The new form electronic bill, coming into force tomorrow (6 April 2018), is “bound to save time and costs” and soon “people will be amazed that we had put up with the old paper-based bill for so long”, Jackson LJ predicted as he reflected on his reforms ahead of his retirement from the bench on 7 March 2018.
Speaking to the Cambridge law faculty two days before he turned 70, Sir Rupert said that many of the causes of excessive costs have been eliminated but litigation was still too expensive.
He commented on each of his key reforms. On the new bill, he said:
“The current form bill of costs is based on a Victorian account book and makes no use of modern technology. The proposal for a new form electronic bill of costs have been long – too long – in gestation, but they will be implemented this year.
“Practitioners will take time to adjust; there may be some teething troubles; there may be irate articles in the legal journals (with the usual friendly comments posted by readers). In the long term, however, the new form electronic bill of costs is bound to save time and costs. I predict that in three years from now people will be amazed that we had put up with the old paper-based bill for so long.”
The rules on the new bill apply to all multi-track claims, except those in which the proceedings are subject to fixed costs or scale costs, where the receiving party is unrepresented, or where the court has otherwise ordered.
It is in the form of Precedent S (called Precedent AA during the pilot scheme), although practitioners can use any other spreadsheet format so long as it meets the requirements of paragraph 5.A2 of revised Practice Direction 46. For example, the ACL Bill can be found here.
The reality is that practitioners have to get on top of the new bill, and fast. PD 46 says that they can choose how to present any work done before 6 April 2018 (that is, in the old or new format), but any work done from then must be an electronic bill. But there is a get-out clause: either on application by the parties or of its own motion, the court can disapply the requirement for an electronic bill.
There is concern that many judges have yet to receive training or the technology to view the bill from the bench, so this could initially be a popular course.
The new bill will be a work in progress for some time, for judiciary, practitioners and the rule committee alike. The practice direction is likely to need updating quickly. However, the new bill will change the whole ethos and environment we’re working in and too many people seem unaware of what’s coming; as one small example, you now have to serve the bill on the court at the same time you serve it on the other party.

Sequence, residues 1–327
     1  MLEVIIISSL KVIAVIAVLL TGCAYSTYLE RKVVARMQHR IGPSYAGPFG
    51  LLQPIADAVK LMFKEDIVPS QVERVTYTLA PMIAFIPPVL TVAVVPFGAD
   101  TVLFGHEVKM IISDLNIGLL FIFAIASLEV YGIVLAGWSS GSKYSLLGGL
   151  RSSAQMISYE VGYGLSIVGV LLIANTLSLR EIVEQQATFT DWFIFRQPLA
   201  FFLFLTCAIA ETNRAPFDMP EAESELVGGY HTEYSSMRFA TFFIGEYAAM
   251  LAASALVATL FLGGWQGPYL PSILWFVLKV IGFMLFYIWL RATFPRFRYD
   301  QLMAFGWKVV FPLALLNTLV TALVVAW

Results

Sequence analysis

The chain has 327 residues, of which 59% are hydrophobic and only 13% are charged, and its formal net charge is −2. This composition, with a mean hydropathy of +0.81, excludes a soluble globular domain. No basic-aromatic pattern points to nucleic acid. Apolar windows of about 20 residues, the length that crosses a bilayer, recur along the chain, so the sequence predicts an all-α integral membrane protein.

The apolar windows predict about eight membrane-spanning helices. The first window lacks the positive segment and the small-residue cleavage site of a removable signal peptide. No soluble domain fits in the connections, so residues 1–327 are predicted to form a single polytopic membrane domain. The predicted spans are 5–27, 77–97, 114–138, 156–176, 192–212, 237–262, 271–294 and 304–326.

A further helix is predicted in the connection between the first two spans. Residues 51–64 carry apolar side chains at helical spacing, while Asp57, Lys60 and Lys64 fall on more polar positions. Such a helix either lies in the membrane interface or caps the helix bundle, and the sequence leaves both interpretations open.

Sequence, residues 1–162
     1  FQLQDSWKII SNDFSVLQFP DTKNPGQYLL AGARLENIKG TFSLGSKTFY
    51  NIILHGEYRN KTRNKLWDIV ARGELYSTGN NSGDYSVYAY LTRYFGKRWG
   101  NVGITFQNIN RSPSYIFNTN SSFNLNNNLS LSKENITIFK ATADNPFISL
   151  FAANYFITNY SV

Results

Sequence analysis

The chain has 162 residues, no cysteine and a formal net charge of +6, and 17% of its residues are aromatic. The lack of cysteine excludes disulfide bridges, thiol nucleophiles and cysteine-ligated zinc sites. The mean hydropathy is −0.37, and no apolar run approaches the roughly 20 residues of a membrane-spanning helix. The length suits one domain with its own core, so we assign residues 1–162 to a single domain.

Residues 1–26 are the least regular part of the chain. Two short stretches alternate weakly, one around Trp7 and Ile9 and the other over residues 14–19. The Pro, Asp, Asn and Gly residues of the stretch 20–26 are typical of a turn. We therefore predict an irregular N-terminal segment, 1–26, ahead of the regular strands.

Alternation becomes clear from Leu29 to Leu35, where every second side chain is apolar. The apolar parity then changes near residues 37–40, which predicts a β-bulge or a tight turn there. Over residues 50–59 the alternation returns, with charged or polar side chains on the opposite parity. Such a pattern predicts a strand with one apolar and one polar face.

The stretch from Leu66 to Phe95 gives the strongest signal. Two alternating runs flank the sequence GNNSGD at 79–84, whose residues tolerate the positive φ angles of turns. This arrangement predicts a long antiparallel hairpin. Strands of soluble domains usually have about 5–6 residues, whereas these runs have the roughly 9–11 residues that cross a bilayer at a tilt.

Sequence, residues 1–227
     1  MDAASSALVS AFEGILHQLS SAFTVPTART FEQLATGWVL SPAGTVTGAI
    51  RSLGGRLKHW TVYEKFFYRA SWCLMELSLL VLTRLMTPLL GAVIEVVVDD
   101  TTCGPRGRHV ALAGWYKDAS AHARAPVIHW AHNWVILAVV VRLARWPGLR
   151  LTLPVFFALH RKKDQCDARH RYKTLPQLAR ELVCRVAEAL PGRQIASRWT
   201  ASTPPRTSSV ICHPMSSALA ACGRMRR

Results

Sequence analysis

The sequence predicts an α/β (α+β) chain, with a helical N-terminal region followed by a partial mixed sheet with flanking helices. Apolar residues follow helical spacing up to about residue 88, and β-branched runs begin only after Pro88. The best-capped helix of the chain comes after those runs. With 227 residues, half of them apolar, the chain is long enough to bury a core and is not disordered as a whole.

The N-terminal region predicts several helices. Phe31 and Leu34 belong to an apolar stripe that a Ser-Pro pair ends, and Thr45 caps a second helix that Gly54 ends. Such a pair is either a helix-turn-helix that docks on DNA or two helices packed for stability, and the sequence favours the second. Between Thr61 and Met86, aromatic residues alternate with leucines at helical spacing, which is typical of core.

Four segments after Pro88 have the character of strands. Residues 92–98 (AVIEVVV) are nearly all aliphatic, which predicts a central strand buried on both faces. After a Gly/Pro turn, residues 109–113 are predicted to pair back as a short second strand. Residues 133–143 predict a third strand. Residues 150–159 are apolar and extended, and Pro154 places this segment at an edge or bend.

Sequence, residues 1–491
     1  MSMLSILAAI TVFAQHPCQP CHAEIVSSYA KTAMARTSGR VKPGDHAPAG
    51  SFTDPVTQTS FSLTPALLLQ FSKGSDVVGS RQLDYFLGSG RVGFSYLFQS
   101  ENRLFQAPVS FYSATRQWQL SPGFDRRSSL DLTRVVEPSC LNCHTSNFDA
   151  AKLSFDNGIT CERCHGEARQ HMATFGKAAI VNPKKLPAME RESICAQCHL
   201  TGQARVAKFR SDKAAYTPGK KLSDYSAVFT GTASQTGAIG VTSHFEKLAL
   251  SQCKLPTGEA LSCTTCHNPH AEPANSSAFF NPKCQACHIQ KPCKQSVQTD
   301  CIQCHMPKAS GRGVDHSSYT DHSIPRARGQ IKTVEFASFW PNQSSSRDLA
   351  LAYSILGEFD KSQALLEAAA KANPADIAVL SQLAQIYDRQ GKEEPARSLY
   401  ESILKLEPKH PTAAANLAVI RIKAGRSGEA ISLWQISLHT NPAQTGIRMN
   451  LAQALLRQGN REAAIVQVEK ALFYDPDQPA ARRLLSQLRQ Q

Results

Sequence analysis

You also have to file the electronic bill in hard copy because that is the only way that the court can ensure that the other side does not start tampering with it.
For those practitioners yet to get on top of the new requirements, it is important not to panic or bury their heads in the sand. The least they should be doing is downloading and playing with it. They need to upskill on basic Excel. I’m not technically literate and it’s been a massive uphill struggle for me, but if I can do it, then everyone can.
Jackson LJ’s long-term vision is that fee earners will record their time and then press a button to send the bill off to the court.
This “utopia” is probably a very long way away. Somebody is always going to have to monitor the data input and strip out those costs that aren’t recoverable. The theory behind the electronic bill is that it should be capable of being prepared directly from a firm’s case management system with minimal effort. This is an understandable aim.
However, the reality is somewhat different. Some firms of solicitors are more prepared than others for “E-day” with sophisticated systems already in place for recording work by phase, task and activity. Others continue to work with traditional paper files.
In all cases, the ability to generate a bill of costs directly from a case management system is some way off. Issues such as client privilege, interlocutory costs orders and apportionments, among others, are likely to mean that it remains so for some time.
It is inevitable that there will be teething problems (in all likelihood significant ones) with such a huge change to the world of costs. It happened before, with the Woolf reforms, and everyone survived.
Claire Green is council member of the Association of Costs Lawyers (ACL) and has led the ACL’s work on the electronic bill.